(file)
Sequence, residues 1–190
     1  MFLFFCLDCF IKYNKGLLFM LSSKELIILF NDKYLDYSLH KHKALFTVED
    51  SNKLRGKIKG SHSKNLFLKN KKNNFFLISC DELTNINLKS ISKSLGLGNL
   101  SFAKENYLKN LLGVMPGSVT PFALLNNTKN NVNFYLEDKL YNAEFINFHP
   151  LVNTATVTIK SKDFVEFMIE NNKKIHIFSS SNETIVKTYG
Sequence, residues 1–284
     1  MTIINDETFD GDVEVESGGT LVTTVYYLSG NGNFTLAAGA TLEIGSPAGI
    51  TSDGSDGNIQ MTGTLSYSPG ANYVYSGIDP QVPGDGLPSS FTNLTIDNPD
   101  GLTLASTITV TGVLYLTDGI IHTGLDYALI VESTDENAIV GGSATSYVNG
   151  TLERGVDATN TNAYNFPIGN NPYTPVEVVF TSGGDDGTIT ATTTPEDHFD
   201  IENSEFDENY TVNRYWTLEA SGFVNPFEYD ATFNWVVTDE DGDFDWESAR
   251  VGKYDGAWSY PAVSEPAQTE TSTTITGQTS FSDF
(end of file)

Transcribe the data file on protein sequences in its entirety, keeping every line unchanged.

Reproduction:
Sequence, residues 1–190
     1  MFLFFCLDCF IKYNKGLLFM LSSKELIILF NDKYLDYSLH KHKALFTVED
    51  SNKLRGKIKG SHSKNLFLKN KKNNFFLISC DELTNINLKS ISKSLGLGNL
   101  SFAKENYLKN LLGVMPGSVT PFALLNNTKN NVNFYLEDKL YNAEFINFHP
   151  LVNTATVTIK SKDFVEFMIE NNKKIHIFSS SNETIVKTYG
Sequence, residues 1–284
     1  MTIINDETFD GDVEVESGGT LVTTVYYLSG NGNFTLAAGA TLEIGSPAGI
    51  TSDGSDGNIQ MTGTLSYSPG ANYVYSGIDP QVPGDGLPSS FTNLTIDNPD
   101  GLTLASTITV TGVLYLTDGI IHTGLDYALI VESTDENAIV GGSATSYVNG
   151  TLERGVDATN TNAYNFPIGN NPYTPVEVVF TSGGDDGTIT ATTTPEDHFD
   201  IENSEFDENY TVNRYWTLEA SGFVNPFEYD ATFNWVVTDE DGDFDWESAR
   251  VGKYDGAWSY PAVSEPAQTE TSTTITGQTS FSDF